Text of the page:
Chris Shays can’t believe this is happening. How does a longtime Newt Gingrich congressional ally who co-authored 1994’s Contract with America, helped achieve a balanced budget, and backed the Bush-era War on Terror to the hilt get called a Republican In Name Only?
Tuesday is primary day in Connecticut and polls show Shays, a popular Connecticut Republican who served six terms in the House, losing a senate bid in the state by more than 20 points to Linda McMahon, who helped build the World Wrestling Entertainment empire with her husband Vince. McMahon, who’s never held office, lost the 2010 senate race despite the Tea Party tide and spending more than $40 million of her own fortune.
This year, she’s set to spend a reported $65 million.
Shays has tried to combat that onslaught with a $1.5 million budget and the backing of virtually every major Connecticut newspaper.
“Linda McMahon wouldn’t even get to first base if she didn’t have 65 million to spend. I mean that’s the bottom line,” says Shays. “You clearly can buy a convention, but it’s harder to buy a primary and much harder to buy the general election. And that’s why she’s going to lose the general election.”
The McMahon campaign boasts the support of state party leaders and won the GOP convention vote earlier this summer. But she has continued a troubling trend of Republican candidates—particularly self-funded ones—who have refused to meet with local editorial boards, answer reporters’ questions or debate their opponent. It is a cynical strategy that protects candidates from policy specifics, and their consultants don’t care as long as they’re getting paid.
Fitting the spectacle of professional wrestling—a business the McMahons reinvigorated by admitting that it’s a fixed carny show—her approach to politics is all bread and circuses, an investment in distraction. But it is a far cry from the successful Northeast Republican model that once routinely produced Senate giants like Margaret Chase Smith, Prescott Bush, and Warren Rudman and more recently propelled Scott Brown to an upset special-election victory in Massachusetts.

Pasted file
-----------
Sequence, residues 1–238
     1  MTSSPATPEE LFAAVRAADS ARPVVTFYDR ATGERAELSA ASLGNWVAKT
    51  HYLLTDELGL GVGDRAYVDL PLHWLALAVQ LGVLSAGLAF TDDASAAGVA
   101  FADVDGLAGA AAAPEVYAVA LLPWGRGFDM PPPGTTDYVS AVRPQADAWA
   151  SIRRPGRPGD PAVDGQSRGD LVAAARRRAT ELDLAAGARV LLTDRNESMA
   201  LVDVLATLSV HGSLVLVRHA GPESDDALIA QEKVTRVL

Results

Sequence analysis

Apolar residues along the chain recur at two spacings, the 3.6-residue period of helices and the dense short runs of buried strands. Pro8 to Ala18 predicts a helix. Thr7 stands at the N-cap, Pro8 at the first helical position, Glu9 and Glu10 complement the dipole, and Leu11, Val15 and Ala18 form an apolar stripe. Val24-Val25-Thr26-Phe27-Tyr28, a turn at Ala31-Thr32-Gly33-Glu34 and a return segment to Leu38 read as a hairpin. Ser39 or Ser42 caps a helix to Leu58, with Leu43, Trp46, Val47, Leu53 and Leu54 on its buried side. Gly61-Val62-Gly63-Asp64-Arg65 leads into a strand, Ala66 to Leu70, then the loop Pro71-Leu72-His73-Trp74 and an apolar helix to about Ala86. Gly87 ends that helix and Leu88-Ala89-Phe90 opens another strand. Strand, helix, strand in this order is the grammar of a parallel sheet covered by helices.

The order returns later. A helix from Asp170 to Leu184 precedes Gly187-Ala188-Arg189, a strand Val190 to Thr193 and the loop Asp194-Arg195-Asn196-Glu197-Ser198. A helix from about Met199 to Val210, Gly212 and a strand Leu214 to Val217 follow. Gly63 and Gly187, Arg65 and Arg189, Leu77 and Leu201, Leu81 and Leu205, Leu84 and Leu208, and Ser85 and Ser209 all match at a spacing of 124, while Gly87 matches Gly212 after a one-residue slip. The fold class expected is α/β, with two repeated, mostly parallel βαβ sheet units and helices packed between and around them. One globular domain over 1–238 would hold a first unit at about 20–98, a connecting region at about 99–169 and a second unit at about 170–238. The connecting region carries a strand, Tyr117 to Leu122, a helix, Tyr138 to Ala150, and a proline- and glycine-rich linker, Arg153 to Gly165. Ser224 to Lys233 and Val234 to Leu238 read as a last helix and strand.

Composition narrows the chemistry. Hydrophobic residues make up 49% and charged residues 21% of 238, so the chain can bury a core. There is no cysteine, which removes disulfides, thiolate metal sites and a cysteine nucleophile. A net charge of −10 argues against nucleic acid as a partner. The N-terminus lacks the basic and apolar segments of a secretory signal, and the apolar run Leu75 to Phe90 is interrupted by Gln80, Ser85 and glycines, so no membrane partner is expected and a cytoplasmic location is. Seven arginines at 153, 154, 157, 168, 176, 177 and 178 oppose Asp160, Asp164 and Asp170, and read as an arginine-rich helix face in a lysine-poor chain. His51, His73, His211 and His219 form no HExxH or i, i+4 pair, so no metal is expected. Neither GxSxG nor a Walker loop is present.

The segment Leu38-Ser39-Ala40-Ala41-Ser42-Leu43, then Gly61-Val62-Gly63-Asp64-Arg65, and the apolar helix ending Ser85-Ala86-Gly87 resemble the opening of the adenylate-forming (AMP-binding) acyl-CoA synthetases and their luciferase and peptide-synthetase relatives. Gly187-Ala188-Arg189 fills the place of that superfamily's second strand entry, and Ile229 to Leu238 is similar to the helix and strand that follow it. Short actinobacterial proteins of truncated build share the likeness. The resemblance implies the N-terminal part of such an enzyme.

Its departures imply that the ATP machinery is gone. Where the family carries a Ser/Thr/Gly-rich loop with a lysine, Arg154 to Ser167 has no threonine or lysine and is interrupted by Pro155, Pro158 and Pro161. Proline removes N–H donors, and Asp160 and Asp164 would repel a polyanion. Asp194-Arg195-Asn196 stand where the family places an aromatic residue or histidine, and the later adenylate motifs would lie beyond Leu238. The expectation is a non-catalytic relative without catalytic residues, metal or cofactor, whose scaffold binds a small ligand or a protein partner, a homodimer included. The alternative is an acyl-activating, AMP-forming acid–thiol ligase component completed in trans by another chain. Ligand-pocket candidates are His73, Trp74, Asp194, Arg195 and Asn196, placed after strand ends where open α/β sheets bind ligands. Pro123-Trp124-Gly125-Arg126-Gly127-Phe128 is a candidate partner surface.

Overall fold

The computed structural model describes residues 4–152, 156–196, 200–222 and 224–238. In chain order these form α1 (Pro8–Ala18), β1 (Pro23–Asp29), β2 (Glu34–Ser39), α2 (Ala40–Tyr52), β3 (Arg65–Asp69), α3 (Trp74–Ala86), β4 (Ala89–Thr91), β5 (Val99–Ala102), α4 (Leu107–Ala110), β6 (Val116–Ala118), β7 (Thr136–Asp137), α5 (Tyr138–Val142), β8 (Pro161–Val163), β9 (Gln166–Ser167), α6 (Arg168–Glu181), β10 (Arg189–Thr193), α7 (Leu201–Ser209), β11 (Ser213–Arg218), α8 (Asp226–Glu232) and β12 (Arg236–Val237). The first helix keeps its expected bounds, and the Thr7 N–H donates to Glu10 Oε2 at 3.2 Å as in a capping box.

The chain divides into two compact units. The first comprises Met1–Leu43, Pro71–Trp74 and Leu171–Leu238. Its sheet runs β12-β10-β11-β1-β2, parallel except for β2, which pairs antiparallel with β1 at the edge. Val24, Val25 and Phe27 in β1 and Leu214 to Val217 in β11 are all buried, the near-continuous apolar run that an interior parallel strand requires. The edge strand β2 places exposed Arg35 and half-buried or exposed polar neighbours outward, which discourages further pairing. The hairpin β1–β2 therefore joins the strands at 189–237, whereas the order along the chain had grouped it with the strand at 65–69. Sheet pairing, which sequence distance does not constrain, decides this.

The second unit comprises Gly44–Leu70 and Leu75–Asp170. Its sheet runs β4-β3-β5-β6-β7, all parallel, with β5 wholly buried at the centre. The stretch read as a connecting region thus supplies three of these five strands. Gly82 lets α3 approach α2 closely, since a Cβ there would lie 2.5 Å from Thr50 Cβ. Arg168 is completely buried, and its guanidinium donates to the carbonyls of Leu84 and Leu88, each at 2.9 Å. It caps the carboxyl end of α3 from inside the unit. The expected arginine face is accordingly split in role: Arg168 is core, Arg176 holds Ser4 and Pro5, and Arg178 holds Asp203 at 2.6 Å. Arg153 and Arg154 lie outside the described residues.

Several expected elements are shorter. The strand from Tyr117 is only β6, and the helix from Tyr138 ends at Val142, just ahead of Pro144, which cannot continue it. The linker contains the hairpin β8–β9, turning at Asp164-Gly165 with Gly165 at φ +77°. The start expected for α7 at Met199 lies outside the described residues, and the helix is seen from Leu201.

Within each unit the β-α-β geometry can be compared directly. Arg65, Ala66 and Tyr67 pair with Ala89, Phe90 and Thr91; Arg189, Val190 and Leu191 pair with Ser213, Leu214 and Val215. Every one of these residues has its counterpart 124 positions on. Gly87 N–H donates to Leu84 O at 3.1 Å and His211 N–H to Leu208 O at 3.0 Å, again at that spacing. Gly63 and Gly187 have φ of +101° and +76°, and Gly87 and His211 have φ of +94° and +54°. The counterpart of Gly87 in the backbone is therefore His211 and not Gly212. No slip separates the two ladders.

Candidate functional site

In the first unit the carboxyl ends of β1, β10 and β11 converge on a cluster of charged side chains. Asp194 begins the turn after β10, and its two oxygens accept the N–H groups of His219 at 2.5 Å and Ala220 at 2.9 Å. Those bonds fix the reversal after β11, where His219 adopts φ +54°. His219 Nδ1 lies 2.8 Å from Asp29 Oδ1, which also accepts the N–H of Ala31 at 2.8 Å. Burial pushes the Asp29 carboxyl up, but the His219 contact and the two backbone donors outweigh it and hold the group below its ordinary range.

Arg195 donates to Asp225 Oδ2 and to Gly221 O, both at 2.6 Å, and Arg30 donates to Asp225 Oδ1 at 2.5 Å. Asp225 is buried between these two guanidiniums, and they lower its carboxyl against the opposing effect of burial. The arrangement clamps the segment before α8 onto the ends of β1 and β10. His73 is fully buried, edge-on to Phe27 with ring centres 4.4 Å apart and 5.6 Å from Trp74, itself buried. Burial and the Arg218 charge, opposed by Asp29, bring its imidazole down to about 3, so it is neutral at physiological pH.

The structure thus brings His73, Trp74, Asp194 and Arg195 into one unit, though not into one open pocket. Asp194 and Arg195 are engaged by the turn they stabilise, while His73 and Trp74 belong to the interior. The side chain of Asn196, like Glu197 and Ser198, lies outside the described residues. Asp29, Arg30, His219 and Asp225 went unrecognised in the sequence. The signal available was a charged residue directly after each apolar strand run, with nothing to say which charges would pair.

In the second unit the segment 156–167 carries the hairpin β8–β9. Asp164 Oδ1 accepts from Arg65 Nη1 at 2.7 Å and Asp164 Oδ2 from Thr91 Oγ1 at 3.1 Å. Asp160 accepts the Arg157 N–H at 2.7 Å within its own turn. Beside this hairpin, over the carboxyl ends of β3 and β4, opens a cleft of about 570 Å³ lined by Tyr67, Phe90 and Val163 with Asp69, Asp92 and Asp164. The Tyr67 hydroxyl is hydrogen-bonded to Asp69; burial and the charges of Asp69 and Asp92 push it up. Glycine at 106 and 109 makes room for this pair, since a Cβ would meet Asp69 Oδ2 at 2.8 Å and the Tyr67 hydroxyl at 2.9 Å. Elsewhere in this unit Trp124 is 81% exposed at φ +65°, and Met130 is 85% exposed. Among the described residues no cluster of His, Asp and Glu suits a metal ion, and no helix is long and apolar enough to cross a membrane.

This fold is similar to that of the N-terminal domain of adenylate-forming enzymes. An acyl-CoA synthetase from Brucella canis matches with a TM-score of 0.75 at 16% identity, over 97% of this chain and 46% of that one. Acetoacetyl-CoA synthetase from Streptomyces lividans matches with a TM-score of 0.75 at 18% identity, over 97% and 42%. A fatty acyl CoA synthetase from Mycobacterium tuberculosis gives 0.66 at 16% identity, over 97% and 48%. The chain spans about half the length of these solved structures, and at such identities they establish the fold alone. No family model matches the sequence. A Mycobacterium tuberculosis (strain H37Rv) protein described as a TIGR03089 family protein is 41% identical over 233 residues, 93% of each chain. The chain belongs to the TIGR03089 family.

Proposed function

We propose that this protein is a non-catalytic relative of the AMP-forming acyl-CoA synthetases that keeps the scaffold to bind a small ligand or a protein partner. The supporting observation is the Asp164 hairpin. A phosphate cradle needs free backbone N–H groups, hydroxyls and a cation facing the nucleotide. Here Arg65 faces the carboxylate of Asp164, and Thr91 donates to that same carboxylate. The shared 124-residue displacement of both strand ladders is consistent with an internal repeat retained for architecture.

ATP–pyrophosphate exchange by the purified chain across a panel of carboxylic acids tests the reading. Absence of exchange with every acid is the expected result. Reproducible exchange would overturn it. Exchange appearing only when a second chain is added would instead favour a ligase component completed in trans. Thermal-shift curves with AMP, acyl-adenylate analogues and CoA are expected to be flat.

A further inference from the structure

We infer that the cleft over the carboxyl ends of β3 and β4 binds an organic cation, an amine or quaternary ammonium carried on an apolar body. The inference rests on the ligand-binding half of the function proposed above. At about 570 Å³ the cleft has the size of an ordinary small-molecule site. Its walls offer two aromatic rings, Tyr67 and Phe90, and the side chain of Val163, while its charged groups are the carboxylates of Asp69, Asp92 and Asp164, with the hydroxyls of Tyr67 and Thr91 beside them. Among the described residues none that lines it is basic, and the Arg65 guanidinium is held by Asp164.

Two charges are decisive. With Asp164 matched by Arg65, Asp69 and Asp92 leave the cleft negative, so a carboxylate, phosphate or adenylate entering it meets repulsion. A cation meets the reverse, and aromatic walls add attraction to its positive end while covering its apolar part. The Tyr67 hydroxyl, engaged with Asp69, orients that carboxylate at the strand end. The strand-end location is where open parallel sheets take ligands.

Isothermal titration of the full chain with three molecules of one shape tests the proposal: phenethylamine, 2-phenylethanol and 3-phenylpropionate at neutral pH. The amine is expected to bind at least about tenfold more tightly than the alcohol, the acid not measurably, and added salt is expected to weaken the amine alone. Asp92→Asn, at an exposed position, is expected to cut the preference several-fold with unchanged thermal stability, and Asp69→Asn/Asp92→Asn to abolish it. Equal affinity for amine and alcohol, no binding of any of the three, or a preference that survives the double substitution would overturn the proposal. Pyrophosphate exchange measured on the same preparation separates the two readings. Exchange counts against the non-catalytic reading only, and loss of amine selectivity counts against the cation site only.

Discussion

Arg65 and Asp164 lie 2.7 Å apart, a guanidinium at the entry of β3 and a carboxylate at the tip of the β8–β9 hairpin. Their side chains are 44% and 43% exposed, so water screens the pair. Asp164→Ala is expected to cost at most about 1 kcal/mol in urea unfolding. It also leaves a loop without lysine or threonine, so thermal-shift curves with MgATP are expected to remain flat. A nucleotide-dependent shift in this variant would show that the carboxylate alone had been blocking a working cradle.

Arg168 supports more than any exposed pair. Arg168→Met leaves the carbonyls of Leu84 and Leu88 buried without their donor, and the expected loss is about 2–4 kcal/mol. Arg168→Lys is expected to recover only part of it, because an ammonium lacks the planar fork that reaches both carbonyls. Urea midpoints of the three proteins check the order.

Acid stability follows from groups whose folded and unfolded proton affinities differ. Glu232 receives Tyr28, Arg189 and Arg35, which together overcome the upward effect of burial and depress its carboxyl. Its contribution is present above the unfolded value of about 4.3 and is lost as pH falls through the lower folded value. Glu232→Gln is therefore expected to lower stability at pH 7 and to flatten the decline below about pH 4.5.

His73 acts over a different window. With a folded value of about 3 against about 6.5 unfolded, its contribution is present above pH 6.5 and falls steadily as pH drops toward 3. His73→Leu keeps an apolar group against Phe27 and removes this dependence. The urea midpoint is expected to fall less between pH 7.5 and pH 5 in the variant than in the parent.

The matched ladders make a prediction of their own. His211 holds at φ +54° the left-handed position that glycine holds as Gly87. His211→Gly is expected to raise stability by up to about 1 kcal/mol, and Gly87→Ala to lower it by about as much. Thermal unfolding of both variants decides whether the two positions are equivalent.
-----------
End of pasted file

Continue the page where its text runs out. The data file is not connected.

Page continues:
“I’m a Yankee Republican,” explains Shays. “It’s a commitment to common sense, not ideology … I’ve always been a strong fiscal conservative, strong on defense, strong on immigration. I’m a moderate Republican because I’m pro-choice. I’m for stem-cell research. I’m for interacting with and finding Democrats who will be willing to co?sponsor legislation that I write. But a Republican is not and should never be defined as someone who’s either pro-choice or pro-life. That’s a huge mistake. Barry Goldwater would never understand the Republican Party of today. Barry Goldwater’s wife was head of Planned Parenthood in Arizona.”
“The problem with my Republican Party today is that when it focuses on the social issues you can end up with someone like Tom DeLay who was a social conservative but a big spender, someone who was more than willing to waste money,” says Shays. “And while Rome is burning, we were eating grapes … We need to get back to the basics. So if I win this race, I’m talking about economic growth, I’m talking about downsizing the government, I’m talking about using our energy, I’m talking about simplifying our tax code, and, and, and focusing on reevaluating regulations. That to me is about as Republican as you can get.”
Given Shays’s critique of over-spending during the Bush years and his demonstrated record of fiscal conservatism, the question is: why hasn’t he been backed by the kind of Tea Party activists who say they support just those views? The obvious answer—beyond blind outsider enthusiasm—is Shays’s record of moderation on social issues, which is a good fit for the state but not for activists in an increasingly polarized (and shrinking) state party.
Shays voted with Republicans 77 percent of the time while in Congress, but that voting record earned him fifth place on Human Events’ 2005 list of RINOs, which listed his sins this way: “He led the House fight for McCain-Feingold campaign finance ‘reform.’ He’s also prone to back environmental causes, gun control, and abortion rights.” When he lost his seat as the last Connecticut Congressional Republican in 2008, Rush Limbaugh denounced him for saying Republicans need to reach out beyond their base. But Shays remains committed to the Yankee Republican tradition, despite his many conservative critics and the blue tide sweeping through his state in response to the rightward march of the GOP.
“Linda McMahon is clearly not a fiscal conservative, which I am,” says Shays with flinty frustration. “Fiscal conservatives do not spend $65 million so recklessly … and she’s not a social conservative ’cause there’s no way, no way whatsoever, that a social conservative would have allowed the kind of stuff that went on in World Wrestling when she ran it.”
Despite the polls, Shays remains defiantly hopeful, pointing to the fact that his record is much more in line with the traditional Connecticut Republican base and that in a mid-August primary, only about 20 percent of registered Republicans are likely to turn out to vote. “Her support is broader than I would like, but it’s paper-thin,” Shays says. “I’m hoping that there will be a group of people who will say ‘you know what, we don’t like so much money in politics, I have a chance to prove that I don’t like it by voting against someone who’s literally trying to buy an election.’ I hope there’ll be people who will say, ‘if Chris Shays wins this election, this is going be a Scott Brown race.’
“So if I win this primary, I will not be surprised. Evidently, everybody else will, but I won’t be.”